|COURT:||Delhi High Court|
|CORAM:||S. Muralidhar J, Vibhu Bakhru J|
|CATCH WORDS:||bogus share capital, share application money, share premium|
|COUNSEL:||C. S. Aggarwal|
|DATE:||November 27, 2015 (Date of pronouncement)|
|DATE:||November 29, 2015 (Date of publication)|
|FILE:||Click here to download the file in pdf format|
|S. 68 (share capital): (i) It is a fallacy to assume that a company which has not commenced business has unaccounted money, (ii) Fact that investors have a common address is not relevant, (iii) Fact that shares were subsequently sold at reduced rate is not relevant|
(i) There is a basic fallacy in the submission of the Revenue about the precise role of the Assessee, Five Vision. The broad sweeping allegation made is that “the Assessee being a developer is charging on money which is taken in cash”. This, however, does not apply to the Assessee which appears to be involved in the construction of a shopping mall. In fact for the AYs in question, the Assessee had not commenced any business. The construction of the mall was not yet complete during the AYs in question. The profit and loss account of the Assessee for all the three AYs, which has been placed on record, shows that only revenue received was interest on the deposits with the bank. Assessee is, therefore, right in the contention that the basic presumption of the Revenue as far as the Assessee is concerned has no legs to stand. Correspondingly, the further allegation that such ‘on money’ was routed back to the mainstream in the form of capital has also to fail.
(ii) The other submission that the Assessee was itself being used as a conduit for routing the ‘on money’ or that the investment in the Assessee was also for routing such ‘on money’ has not even prima facie been able to be established by the Revenue. On the one hand there is an attempt to treat the cash credit found in the Assessee’s books of accounts to be ‘undisclosed income of the Assessee’ by showing the investors to be ‘paper companies’. On the other hand, the attempt is to show that this money in fact belongs to certain other entities whose source has not been explained by the Assessee.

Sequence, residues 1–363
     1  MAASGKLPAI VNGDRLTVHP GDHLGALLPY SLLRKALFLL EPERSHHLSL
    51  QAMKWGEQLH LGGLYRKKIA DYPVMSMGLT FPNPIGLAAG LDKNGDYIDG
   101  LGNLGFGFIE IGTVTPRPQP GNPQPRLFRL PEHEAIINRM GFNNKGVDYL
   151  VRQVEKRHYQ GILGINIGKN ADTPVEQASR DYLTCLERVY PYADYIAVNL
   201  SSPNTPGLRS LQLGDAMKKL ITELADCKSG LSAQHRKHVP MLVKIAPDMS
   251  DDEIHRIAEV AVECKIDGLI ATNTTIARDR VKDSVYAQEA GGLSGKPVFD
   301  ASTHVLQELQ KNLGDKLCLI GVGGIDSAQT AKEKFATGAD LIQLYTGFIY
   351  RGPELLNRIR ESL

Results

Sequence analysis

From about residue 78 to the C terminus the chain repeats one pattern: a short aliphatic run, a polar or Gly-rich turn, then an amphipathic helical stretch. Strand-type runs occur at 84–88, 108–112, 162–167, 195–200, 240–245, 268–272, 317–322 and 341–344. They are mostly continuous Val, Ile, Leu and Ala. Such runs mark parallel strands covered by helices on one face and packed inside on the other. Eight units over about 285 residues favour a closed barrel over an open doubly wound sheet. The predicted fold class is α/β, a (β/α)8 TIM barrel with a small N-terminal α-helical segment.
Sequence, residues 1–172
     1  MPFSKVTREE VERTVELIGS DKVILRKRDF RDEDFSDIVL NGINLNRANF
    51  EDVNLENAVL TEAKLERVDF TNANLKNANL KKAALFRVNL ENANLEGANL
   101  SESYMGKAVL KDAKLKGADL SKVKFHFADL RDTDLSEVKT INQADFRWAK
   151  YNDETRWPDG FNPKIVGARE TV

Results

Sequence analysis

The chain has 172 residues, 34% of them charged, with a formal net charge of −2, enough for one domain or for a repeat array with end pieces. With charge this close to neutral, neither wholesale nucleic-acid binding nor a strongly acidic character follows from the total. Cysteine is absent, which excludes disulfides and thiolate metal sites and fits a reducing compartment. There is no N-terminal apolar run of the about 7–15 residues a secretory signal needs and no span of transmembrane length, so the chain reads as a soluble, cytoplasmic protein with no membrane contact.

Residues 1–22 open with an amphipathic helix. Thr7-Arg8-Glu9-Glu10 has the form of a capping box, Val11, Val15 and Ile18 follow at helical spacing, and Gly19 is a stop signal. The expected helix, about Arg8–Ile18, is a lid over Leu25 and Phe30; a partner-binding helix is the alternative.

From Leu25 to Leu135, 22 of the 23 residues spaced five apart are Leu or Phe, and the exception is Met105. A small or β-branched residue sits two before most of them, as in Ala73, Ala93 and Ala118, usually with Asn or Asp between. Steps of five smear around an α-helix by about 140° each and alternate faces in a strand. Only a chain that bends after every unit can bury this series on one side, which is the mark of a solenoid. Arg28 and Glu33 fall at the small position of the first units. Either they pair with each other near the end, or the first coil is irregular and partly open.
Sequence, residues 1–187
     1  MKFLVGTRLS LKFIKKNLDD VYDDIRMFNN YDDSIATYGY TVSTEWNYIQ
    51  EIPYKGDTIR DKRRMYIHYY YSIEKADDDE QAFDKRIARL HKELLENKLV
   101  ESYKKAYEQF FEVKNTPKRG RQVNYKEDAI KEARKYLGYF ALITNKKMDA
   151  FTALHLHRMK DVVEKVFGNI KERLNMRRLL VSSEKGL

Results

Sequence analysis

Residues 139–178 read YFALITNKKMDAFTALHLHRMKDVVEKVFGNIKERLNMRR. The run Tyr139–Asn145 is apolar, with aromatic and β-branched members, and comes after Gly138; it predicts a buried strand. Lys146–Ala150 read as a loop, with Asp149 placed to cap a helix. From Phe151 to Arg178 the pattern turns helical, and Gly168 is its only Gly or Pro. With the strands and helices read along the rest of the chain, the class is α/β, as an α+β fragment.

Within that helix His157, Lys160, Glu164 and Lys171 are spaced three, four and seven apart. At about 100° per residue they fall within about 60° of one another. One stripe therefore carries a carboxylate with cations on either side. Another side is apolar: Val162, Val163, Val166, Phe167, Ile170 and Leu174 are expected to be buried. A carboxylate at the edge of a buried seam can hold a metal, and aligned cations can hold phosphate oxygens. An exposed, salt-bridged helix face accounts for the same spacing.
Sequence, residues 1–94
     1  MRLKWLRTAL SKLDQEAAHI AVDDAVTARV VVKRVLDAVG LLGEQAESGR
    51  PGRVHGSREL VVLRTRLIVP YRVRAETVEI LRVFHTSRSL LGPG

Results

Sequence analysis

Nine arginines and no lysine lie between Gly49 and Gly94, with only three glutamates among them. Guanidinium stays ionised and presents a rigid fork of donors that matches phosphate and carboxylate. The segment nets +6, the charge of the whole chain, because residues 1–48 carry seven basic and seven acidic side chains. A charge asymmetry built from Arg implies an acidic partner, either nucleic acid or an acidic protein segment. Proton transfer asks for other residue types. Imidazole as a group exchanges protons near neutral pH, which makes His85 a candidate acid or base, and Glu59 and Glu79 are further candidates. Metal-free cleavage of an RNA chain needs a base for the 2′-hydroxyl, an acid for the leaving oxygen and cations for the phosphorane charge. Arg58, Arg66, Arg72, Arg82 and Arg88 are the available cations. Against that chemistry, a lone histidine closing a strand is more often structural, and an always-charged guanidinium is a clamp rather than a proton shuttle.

(iii) Coming to the core issue concerning the identity, creditworthiness and genuineness of the investor companies, it is seen that as far as the Table I investors were concerned, only 9 were searched and in their cases, the ITAT on a very detailed examination was satisfied that they not only existed, but that the Assessee had discharged the primary onus of proving their creditworthiness and genuineness. They had responded to the summons issued to them. Directors of 14 of these companies appeared before the AO and produced their books of accounts.
(iv) The mere fact that some of the investors have a common address is not a valid basis to doubt their identity or genuineness.
(v) Also, the fact that the shares of the Assessee were subsequently sold at a reduced price is indeed not germane to the question of the genuineness of the investment in the share capital of the Assessee. The question of avoidance of tax thereby may have to be examined in the hands of the person purchasing the shares.
(M/s. Nova Promoters and Finlease (P) Ltd. 342 ITR 169 (Del), CIT v. Winstral-Petrochemicals Pvt. Ltd. 330 ITR 603 (Del), CIT v. Lovely Exports (P) Ltd. 216 CTR 195 (SC), CIT v. Divine Leasing and Finance Ltd. (decision dated 21st January 2008 of the Supreme Court in Special Leave to Appeal (Civil) (CC) 375 of 2008) and decision dated 17th September 2012 of the Supreme Court in CIT v. Kamdhenu Steel & Alloys Limited [SLP (Civil) CC 15640 of 2012)], CIT v. Divine Leasing and Finance Ltd. 299 ITR 268, CIT v. Sophia Finance Ltd. (1994)205 ITR 98 (FB) (Del) referred).